Salix - Common Osier, Permanent Wave Tree, Purple Osier, Pussy Willow, Weeping Willow, Willow
DESCRIPTION: Salix is the botanical name for a group of deciduous (leaf-losing) trees and shrubs, which are mostly hardy. They are found wild throughout Europe, northern Africa, Asia, and North America; a few are found in the Southern Hemisphere. Some grow naturally in the arctic and alpine regions. The common name for this group and also the old Latin name is, Willow. Most Willows grow rapidly and are fairly short-lived. Their young stems are flexible and strong, but the old branches are soft and brittle and liable to storm damage. Willows may form large bushes, prostrate shrubs, trees of medium height with the typical tree outline, and trees with hanging branches; there are all sorts of intermediates. The leaves of most Willows are long, slender and oblong or lance-shaped. They are arranged alternately on the branches and rarely opposite. They are simple leaves with smooth or toothed edges. There are usually two leaf-like appendages (stipules) at the bases of the leaves; these are very small and may fall early, or they may be quite a bit larger and stay on the base of the leafstalks for most of the summer. Willow flowers are borne in early spring, either before or after the leaves. Male (staminate) and female (pistillate) flowers are produced on separate trees. Both types are borne in catkins (a long cluster of flowers), which are carried erectly on the branch, unlike those of the closely related Poplar trees (See, Populus), which are in drooping catkins. The male flowers are more noticeable than the female flowers, the former being a yellow color when mature, though some kinds are reddish. The female flowers are ordinarily green or gray-green. Very rarely are male or female flowers produced on the same tree. Seeds ripen during May and June and are whitish colored; they are produced sparingly in cottony fiber. Willows are very easy to grow and love moist soil in full sun. They are not harmed on ground that tends to collect water. S. babylonica, the Weeping Willow, grows from 40 to 50 feet high. It has graceful, long, thin branches covered in delicate leaves, which grow from 3 to 6 inches long. They are smooth, dark green above and paler green beneath. The edges are finely and evenly serrated. This tree is a native of China and is widely used as a shade and ornamental tree. An interesting tree called the Permanent Wave Tree is S. Matsudana var. tortuosa. This tree has spiraling twisted branches and twigs; it grows 30 feet or so. A popular shrub or tree is the Pussy Willow. This name is given to more than one kind of Salix; however, S. discolor is the true Pussy Willow. In the spring it produces charming, silky soft male catkins. It is especially favored for cutting for indoor decoration. For early bloom inside, branches of these plants may be cut and stood in containers of water in a sunny window anytime after the middle of January. Soon, the "pussies" develop and make an attractive display for a considerable time. Many of the name varieties of Willows are grown in other countries, less in the U.S., for the purpose of basket making.
POTTING: Willows can live in different types of soil. The best is moist, loam soil. They flourish in damp places such as on the banks of lakes and streams. When Willows are grown for decoration, they should be spaced widely, especially those with weeping branches; they should not be crowded when they reach maturity. Willows that form shrubs may be placed closely together. Willows that form bushes can be cut down to the ground in the spring; they will renew themselves by the growth of new shoots from their bases. Willow trees need to be pruned when they are young. The goal is to keep the lower portion of the trunk free from unwanted branches and maintain one central leading shoot.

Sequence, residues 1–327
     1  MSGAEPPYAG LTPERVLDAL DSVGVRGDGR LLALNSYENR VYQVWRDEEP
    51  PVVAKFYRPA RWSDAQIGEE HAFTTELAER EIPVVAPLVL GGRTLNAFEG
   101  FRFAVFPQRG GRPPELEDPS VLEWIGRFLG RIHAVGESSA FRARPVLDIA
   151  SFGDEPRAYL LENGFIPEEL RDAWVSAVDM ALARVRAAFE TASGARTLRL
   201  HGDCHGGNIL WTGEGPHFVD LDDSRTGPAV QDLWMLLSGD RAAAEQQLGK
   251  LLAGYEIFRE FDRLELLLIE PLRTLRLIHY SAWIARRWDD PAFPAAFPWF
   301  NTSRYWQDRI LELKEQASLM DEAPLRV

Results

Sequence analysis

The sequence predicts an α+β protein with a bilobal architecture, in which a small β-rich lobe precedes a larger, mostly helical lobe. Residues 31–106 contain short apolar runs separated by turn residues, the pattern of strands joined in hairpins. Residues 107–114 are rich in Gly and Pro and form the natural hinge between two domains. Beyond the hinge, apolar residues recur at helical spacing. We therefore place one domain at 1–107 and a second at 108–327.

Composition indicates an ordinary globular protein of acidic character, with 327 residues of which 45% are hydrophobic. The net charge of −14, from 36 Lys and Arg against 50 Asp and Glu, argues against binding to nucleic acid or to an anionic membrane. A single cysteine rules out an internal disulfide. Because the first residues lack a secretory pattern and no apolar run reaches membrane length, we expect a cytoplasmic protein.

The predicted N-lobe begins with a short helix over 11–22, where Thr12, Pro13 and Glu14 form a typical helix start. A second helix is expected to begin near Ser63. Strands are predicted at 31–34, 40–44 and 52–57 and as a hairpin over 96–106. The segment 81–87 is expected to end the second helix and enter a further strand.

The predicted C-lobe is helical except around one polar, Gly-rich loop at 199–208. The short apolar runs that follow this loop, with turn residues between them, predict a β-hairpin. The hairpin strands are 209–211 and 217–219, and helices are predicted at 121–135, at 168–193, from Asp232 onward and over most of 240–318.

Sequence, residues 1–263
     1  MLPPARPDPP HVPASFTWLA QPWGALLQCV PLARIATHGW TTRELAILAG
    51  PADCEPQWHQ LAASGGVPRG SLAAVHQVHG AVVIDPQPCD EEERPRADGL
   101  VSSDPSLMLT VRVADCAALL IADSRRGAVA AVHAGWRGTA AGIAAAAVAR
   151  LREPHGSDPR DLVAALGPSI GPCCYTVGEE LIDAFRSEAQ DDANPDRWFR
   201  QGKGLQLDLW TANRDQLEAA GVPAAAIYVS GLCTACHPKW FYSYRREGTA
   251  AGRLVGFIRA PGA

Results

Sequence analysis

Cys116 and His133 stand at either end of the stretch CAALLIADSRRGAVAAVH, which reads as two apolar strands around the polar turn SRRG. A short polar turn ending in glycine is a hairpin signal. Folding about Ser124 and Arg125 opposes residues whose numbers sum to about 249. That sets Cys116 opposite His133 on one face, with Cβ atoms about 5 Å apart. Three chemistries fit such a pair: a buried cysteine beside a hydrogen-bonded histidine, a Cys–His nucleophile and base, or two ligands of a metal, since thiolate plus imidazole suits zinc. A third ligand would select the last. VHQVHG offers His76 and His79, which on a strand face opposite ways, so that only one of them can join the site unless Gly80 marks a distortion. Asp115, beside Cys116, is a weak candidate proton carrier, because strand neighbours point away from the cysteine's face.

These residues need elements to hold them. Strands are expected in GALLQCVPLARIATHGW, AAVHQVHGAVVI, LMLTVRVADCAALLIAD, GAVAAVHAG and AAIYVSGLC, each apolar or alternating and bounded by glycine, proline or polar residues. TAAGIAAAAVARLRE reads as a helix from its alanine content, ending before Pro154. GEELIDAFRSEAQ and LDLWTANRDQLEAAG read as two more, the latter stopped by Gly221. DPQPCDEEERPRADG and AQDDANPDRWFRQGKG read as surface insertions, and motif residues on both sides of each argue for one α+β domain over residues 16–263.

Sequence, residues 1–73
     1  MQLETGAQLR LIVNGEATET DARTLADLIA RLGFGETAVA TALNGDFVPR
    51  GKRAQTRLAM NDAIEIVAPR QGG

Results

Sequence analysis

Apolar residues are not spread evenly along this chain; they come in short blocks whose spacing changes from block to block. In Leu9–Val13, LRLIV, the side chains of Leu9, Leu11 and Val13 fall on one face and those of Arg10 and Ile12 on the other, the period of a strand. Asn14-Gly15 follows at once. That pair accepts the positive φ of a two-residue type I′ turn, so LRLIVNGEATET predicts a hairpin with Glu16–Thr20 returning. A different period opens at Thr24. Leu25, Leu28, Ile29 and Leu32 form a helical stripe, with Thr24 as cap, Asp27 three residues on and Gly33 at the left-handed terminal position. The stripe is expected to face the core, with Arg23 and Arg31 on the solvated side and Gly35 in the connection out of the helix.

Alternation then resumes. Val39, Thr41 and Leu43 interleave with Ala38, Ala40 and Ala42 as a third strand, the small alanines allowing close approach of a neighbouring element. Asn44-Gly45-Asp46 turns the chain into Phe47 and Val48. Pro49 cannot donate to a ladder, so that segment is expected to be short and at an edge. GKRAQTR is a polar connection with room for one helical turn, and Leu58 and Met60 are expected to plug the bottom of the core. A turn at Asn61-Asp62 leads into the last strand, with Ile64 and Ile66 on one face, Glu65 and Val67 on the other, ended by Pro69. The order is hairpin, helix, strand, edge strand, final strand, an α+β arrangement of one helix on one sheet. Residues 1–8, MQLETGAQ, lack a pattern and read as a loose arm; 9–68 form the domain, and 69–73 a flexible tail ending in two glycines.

PROPAGATION: The easiest way to increase Willows is by cuttings. These are made of 9- to 12-inch pieces of ripened wood, though cuttings 12 feet or more may be used. Cuttings are done from the time the leaves fall until late winter. Plant the bush kinds 6 inches apart, in rows 12 inches from each other. The tree kinds are set 12 inches apart, in rows 15 to 18 inches apart. They are set so deep that only the upper 3 inches is showing above the ground. In England, the Cricket-bat Willow, S. alba var. calva, is often raised from pole-like cuttings, 12 feet in length, planted where they are to grow. Willow cuttings root quickly and grow very fast the first year; tree kinds may form shoots 6 to 12 feet long. Some of the dwarf kinds may be increased by division. Seeds may also be planted, but they must be sown in moist soil as soon as they are ripe. They should sprout within a few days. Each young tree should be allowed only one main shoot. All Willows not raised in their permanent positions should be moved there at the end of the first season. The bush types may be cut back to within a bud or two of the base when transplanted. If the tree types have only produced a weak shoot, they may also be cut back to encourage the production of a strong stem the following year.
VARIETIES: Willow Trees - S. babylonica (Weeping Willow); S. blanda (Wisconsin Weeping Willow); S. elegantissima (Thurlow Weeping Willow); S. Matsudana pendula; S. alba (Golden Weeping Willow); S. fragilis (Crack Willow); S. alba (White Willow); S. pentandra (Bay-leaved Willow); S. nigra (Black Willow); S. Scouleriana; S. Matsudana var. tortuosa (Permanent Wave Tree).
Pussy Willows - S. discolor (Pussy Willow); S. Caprea (Goat Willow or Sallow); S. cinerea (Gray Willow); S. Medemii; S. alba var. vitellina; S. alba var. chermesina;
Dwarf Willows - S. Bockii; S. herbacea; S. repens; S. lanata (Woolly Willow); S. purpurea var. nana (Dwarf Blueleaf Arctic Willow).
Basket Willows - S. amygdalina (Almond-leaved Willow); S. purpurea (Purple Osier); S. viminalis (Common Osier)
Back to our botanical home page.